To Moneke: “Biafra is in every Igbo man. Biafra is a spiritual thing. People thought that our Lord Jesus was an earthly king and so struggled for ministerial positions but Christ knew he was a spiritual king, much higher than the earthly king. Ojukwu’s death cannot stop the spirit of Biafra, rather it will fire it on. The Igbo man today knows that if you are pushed to the wall, you can react. The Igbo race is a phenomenon recognised all over the world.
It is only the Igboman that can go through what they did and still recover in record time. Go to Abuja, Lekki and you will discover that most of the houses there are owned by the Igbos. Almost all the hotels in Abuja are owned by Igbos. That is the dogged spirit that the Igbos are known for”.
Ojukwu, a patriot
Senator Uche Chukwumerije who was referred to as the “Voice of Biafra” during the war told Vanguard Features that Ojukwu did not court controversies. Said he: “Dim Ojukwu passionately believed in equity and justice, diligence and merit, mutual trust and confraternal bond, as the veins and arteries of the Federation.
“No citizen of this Republic ever lived Nigerian so fully, spoke Nigerian so eloquently and embraced so fearlessly the path to Nigeria’s greatness as Ojukwu. With iron will he defended these prerequisites not as lingua of governance and political rule but as the practical irreplaceable hinges of federal union. Eloquent in Igbo, Yoruba, Hausa and English he personified the feasibility of this oneness.”
Achuzia who is the immediate past secretary-general of Ohaneze-Ndigbo agreed with him. “That kind of colossus would never be found anywhere in Igbo land. He wanted the best for his people. We schooled together at King’s College and also in England, I am still trying to digest the shock of his death. Like I said, I should be left to mourn my friend. He was a national champion, it was people who thought he was an ethnic leader.”
Continuing, he said: “Ojukwu’s dreams for better Nigeria would never die. This nation has lost a great man and that vacuum will be difficult to fill. Men like Ojukwu are rare to come across. I am still coming to terms with his death”.
Pulse of Umudim Nnewi kinsmen
Moneke, a Lagos-based construction cost expert who hails from the same community with the late Ikemba Nnewi, typified the grief of Umudim Nnewi people but insisted that the ideals Ojukwu stood for, can never die among the Igbos.
“Although death is a necessary end for all mortals, this one is different because of the personality involved. Ojukwu stood like a shade, a symbol of Igbo unity – self confidence, intelligence and bravery. His death is a very sobering moment for all of us especially his kinsmen.
“It is a very big loss because here was a man that was consistently assertive of his Igboness and would not compromise those ideals. He epitomised all the virtues that the Igboman is known for. The poignant question is: Who can replace him? Such people come once in a generation.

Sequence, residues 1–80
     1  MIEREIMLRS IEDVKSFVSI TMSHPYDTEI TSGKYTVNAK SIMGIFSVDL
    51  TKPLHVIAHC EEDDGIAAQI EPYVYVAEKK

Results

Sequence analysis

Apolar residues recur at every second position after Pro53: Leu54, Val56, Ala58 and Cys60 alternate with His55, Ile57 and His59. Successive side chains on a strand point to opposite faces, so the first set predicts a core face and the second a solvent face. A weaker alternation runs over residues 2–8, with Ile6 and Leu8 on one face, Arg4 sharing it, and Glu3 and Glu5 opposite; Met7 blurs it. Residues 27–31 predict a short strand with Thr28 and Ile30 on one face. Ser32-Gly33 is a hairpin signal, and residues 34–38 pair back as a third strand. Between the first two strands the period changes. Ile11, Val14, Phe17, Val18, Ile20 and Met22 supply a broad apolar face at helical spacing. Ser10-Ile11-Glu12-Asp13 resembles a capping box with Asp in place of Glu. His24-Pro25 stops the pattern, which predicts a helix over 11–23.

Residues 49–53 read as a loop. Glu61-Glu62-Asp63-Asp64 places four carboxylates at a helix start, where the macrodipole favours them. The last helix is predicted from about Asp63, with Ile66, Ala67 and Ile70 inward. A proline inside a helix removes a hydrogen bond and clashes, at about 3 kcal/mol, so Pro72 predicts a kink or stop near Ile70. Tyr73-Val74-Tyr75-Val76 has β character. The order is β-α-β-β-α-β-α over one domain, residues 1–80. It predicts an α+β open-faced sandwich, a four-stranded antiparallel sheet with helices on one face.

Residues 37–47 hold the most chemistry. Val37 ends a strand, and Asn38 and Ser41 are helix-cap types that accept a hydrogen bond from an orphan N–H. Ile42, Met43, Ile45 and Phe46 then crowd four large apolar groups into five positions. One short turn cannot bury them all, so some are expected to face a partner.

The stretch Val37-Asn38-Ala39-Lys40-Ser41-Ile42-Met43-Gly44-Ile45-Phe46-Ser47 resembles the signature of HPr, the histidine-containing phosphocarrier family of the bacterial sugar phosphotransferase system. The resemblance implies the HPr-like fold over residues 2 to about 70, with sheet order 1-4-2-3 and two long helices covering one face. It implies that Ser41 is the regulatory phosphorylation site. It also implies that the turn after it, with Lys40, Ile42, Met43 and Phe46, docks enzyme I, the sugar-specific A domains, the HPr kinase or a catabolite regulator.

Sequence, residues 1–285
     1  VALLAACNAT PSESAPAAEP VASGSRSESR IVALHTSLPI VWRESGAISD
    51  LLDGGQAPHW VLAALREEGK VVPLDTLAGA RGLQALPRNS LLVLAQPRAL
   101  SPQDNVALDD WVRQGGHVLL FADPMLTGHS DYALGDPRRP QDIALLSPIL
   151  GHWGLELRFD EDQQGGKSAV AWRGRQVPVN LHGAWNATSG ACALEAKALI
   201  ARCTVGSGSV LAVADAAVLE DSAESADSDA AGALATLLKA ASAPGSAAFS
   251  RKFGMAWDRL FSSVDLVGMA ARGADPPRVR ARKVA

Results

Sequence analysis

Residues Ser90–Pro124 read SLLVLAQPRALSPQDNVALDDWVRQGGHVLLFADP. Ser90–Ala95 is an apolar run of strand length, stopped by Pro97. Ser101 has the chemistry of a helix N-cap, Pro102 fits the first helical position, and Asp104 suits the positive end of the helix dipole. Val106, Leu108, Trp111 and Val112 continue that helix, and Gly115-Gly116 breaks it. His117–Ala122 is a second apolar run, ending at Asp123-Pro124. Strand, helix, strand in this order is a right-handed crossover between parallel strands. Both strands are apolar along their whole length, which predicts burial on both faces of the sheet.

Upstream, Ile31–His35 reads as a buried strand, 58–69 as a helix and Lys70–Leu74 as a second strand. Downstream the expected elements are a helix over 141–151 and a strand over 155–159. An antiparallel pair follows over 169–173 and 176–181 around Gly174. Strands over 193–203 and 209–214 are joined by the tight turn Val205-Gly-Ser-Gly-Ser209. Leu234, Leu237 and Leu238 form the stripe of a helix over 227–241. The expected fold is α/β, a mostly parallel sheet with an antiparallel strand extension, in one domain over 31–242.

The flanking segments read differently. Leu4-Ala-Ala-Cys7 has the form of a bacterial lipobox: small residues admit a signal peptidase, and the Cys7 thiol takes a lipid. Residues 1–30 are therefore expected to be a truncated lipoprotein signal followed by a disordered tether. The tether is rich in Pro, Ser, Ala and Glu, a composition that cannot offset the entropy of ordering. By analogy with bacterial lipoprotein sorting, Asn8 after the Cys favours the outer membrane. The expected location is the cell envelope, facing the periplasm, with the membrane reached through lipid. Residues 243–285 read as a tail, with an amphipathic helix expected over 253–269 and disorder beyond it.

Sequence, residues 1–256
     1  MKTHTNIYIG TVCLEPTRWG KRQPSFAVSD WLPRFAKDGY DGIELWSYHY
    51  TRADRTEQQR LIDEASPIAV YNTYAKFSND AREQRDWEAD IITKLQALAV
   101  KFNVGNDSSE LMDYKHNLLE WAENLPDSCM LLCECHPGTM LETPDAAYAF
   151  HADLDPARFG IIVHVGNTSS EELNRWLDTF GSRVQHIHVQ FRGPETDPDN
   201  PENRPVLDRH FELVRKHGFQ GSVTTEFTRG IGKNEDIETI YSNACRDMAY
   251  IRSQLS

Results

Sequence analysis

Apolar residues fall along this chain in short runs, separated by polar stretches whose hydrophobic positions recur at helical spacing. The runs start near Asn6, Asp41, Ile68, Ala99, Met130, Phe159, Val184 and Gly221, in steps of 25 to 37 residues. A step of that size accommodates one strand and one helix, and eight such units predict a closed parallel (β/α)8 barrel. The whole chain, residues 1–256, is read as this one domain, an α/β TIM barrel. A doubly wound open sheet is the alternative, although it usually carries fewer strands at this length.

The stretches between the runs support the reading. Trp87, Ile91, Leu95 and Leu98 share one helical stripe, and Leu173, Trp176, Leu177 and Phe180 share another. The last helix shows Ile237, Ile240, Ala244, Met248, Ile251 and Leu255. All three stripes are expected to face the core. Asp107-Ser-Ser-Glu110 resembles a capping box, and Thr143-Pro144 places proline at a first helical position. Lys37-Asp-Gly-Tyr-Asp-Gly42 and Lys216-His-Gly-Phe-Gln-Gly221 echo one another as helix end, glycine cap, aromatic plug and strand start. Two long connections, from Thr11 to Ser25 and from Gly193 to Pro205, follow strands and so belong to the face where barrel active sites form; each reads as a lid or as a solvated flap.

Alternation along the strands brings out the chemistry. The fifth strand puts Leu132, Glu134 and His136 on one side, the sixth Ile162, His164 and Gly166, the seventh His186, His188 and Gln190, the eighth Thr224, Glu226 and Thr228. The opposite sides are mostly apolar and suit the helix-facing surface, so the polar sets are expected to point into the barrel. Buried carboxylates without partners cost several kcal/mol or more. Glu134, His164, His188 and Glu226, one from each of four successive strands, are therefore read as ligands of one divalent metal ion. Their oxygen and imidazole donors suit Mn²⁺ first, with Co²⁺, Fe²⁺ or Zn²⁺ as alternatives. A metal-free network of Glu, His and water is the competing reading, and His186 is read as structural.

Pain from Ojukwu’s death
Ojukwu’s death becomes more painful because there is no replacement for him from his children, his kinsmen or his friends. God drops such people from heaven to play a role and it happened that he dropped him in the Ojukwu family of Umudim Nnewi,” he said.
Ojukwu, an advocate of distributive equity
Governor Adams Oshiomhole of Edo State noted that with the death of Dim Chukwuemeka Ojukwu, Nigeria has lost a major personality and “an advocate for distributive equity” in the governance of the nation.
In a condolence letter to the Governor of Anambra State, Mr Peter Obi, Oshiomhole said Ojukwu’s death is more painful to those Nigerians who found inspiration in his aversion to the opportunistic politics of the ‘mainstream’.
“By his death, Nigeria has lost a major personality, who played a unique role in its modern history. We have also lost a well-acknowledged advocate for distributive equity in the governance of our federation. His voice resonates with clarity and authoritative distinction on matters of federalism and the management of our diversity.
“Although he had rather strong reservations about the overall governance of the Nigeria union, Dim Ojukwu’s commitment to a united country was not in doubt. Indeed, he made sustained efforts in the later years to strengthen forces of genuine federalism though his weighty voice and profound insights.
“He was a remarkably forceful personality who cannot be ignored or taken for granted on any matter, even by those who disagreed with him. Gifted with a prodigious capacity for logic and cultivated articulation, the Ikemba had all that it took to make his voice rise above the pack, the Edo State Governor said.